Los Angeles has scored 58 points through two games, but the story of the year has been a porous defense and the inability to finish games on offense. The heat is firmly on the Bolts to get better results in the win-loss column. That hopefully will begin on Sunday if they manage to execute on these five points vs. the Vikings.
Take what Brian Flores’ defense gives them.
The M.O. of Brian Flores’ defense is pretty simple to figure out through two games. While the Vikings’ defensive coordinator will surely throw new tricks and look at the Chargers’ offense, the goal for Minnesota is to limit explosive plays:
Through two weeks, Minnesota has allowed the fourth fewest explosive plays in the NFL. Against Philadelphia, they allowed two pass plays over 20 yards and just two runs over 10.
Perhaps the common rebuttal to that would be bringing up that Minnesota’s defense allowed the Eagles to rush for 259 yards on a five-yard per-carry clip. That’s a suboptimal performance.
Still, consider it from a Vikings’ perspective against the Chargers this week. As defensive coordinator, would you rather risk Justin Herbert bombs in the air or Joshua Kelley carries on the ground? On paper, the answer is the latter if Minnesota has an even slightly better run defense performance than they did last week.
If the Chargers aren’t finding the big plays early in this one, they shouldn’t panic. Take what Minnesota gives up in the intermediate ranges and take the shots when it’s time to pounce. Wear Flores’ defense down if they must, much like Philadelphia last week.
Figure out the secondary rotation and communication
This is a bad matchup for a Chargers’ secondary that has been giving up explosive passing plays left and right. Justin Jefferson and Jordan Addison may go off against this secondary if Kirk Cousins continues to play like he has this season.
I could write the standard key to the game about “limiting” Jefferson or X teams’ best offensive player. But the truth is that this secondary has a profound identity crisis. This game must be about taking small steps forward rather than expecting a dominant lockdown performance.
First, the Chargers must decide who their two boundary corners will be for most of the game. Ja’Sir Taylor will reportedly be in the slot. That leaves two of Michael Davis, J.C. Jackson, and Asante Samuel Jr. on the outside in most situations. Of course, the Chargers will rotate all three in at some point, but someone must be drawing the short end of the stick.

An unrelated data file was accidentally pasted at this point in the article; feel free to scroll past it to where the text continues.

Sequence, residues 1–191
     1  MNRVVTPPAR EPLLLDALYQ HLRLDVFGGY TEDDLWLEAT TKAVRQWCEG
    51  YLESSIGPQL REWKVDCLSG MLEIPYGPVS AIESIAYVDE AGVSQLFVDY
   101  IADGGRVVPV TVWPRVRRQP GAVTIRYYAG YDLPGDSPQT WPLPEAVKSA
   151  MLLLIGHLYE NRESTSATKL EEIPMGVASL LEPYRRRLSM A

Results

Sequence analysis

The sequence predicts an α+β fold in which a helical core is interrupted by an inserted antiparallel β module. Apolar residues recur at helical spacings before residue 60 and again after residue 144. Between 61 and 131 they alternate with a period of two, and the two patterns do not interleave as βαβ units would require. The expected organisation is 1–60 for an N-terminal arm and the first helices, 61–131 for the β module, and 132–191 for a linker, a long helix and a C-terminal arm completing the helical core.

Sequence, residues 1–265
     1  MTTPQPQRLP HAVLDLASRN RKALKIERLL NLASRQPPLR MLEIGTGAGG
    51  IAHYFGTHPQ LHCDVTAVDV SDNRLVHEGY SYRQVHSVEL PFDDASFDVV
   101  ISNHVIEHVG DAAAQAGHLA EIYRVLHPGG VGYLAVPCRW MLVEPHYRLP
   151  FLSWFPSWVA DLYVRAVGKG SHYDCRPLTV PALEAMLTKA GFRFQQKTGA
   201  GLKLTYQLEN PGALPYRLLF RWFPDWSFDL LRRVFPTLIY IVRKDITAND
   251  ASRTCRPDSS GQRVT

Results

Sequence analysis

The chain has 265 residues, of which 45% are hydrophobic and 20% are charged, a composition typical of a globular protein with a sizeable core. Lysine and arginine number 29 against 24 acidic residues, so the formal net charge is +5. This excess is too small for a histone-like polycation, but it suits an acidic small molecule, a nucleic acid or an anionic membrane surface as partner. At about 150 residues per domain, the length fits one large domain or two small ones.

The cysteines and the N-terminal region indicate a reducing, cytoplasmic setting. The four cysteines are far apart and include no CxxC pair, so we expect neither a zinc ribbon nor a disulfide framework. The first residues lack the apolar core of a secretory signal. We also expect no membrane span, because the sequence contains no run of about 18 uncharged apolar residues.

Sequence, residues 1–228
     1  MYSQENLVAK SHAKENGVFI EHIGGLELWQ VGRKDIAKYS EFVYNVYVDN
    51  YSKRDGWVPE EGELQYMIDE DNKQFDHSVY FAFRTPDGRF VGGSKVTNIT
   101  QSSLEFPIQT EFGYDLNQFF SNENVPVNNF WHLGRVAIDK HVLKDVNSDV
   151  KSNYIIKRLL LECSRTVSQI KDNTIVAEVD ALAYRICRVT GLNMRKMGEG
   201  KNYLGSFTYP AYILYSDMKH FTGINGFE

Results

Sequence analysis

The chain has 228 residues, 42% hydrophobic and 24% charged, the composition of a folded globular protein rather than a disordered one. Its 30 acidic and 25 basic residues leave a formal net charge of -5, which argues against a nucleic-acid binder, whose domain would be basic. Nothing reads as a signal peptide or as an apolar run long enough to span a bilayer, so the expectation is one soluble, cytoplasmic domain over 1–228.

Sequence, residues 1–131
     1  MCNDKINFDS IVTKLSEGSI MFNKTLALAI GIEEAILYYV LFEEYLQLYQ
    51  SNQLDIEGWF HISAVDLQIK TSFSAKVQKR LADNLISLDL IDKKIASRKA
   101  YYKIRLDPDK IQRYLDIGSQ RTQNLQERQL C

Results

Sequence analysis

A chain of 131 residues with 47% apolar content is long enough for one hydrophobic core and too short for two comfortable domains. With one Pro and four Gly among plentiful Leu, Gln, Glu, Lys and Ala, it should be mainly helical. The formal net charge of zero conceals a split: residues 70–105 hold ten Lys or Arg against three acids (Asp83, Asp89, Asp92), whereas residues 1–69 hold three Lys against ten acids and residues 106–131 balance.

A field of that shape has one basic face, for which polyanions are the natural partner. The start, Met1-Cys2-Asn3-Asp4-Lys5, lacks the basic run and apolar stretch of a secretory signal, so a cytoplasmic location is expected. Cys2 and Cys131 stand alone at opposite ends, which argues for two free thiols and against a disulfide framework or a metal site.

And once the Chargers decide who’s playing outside, they have to live with it to some degree. Brandon Staley’s mid-game benchings of Davis and Jackson have had a negative impact on a secondary that is already struggling. The Chargers, through two weeks, have the fifth-highest Shannon Entropy on the defensive side of the ball. They’re mixing up their coverages at an increased level and allowing too many explosive plays.
Point blank, this has to be a get-right game for the secondary despite the uphill battle against the Vikings’ receivers. The goal shouldn’t be crazy, like holding Jefferson under 100 yards. But from drive to drive, all the corners have to look more consistent in their play and communication. And the decision-makers at the top have to learn to live with their decisions to avoid making bad situations worse.
Move Justin Herbert around
The Chargers took too many sacks on critical third-down plays last week. Some of that was on the offensive line for allowing critical pressure at the wrong time. Some of the blame should also be on the playcalling. There should be a more concerted effort from Kellen Moore on money-downs to roll Justin Herbert out of the pocket. At the very least, that option should be provided more often.
Last year, Herbert’s rib injury prevented the Chargers from using the complete offensive skillset he showed off in 2021. Herbert rushed for 300+ yards that season and used several play-action rollout concepts to his advantage.
This year, Herbert, having primarily been a statue in the pocket through two weeks, shouldn’t be the case. If the Vikings’ pass rush starts to have some success early, the Chargers should make a decisive effort to get Herbert on the move.
Consistent pressure on Kirk Cousins
The Chargers’ primary objective on defense has to be getting home on Kirk Cousins. In recent seasons, Cousins has shed the label of being mistake-prone under pressure. Last year, he was one of the most efficient quarterbacks from both a clean pocket and under duress.
Getting consistent pressure on Cousins as a goal has more to do with the secondary’s current struggles than the Minnesota quarterback himself. Los Angeles is currently seventh in pass rush win rate after a good effort from the defensive line against Tennessee.
Against a banged-up offensive line, Joey Bosa, Tuli Tuipulotu, and Morgan Fox should be able to eat as they did in Week 2. From a pass rush standpoint, EDGE Khalil Mack has to be able to get more pressure consistently as well.
The best way to keep the ball out of Jefferson and Addison’s hands might be an above-average effort in forcing bad plays near the line of scrimmage.
Joshua Kelley returns to his Week 1 form
Austin Ekeler has not practiced this week, and it seems the Chargers will likely hold him out with an ankle injury. Joshua Kelley will be called on as the team’s No. 1 running back again.
In Week 1, Kelley dominated with 90+ yards and incredible production, particularly after contact. But against a tough Titans’ defensive front in Week 2, Kelley had just 39 yards on 13 carries. None of the Chargers’ backs made much of an impact on the game.
With the amount that Flores tends to invite four to five-yard run plays over the big shots downfield, Kelley has to find his Week 1 form. It should be doable against this Vikings’ defensive line with how dominant the Chargers’ run blocking has been. Through two weeks, LA ranks third in the league in run block win rate.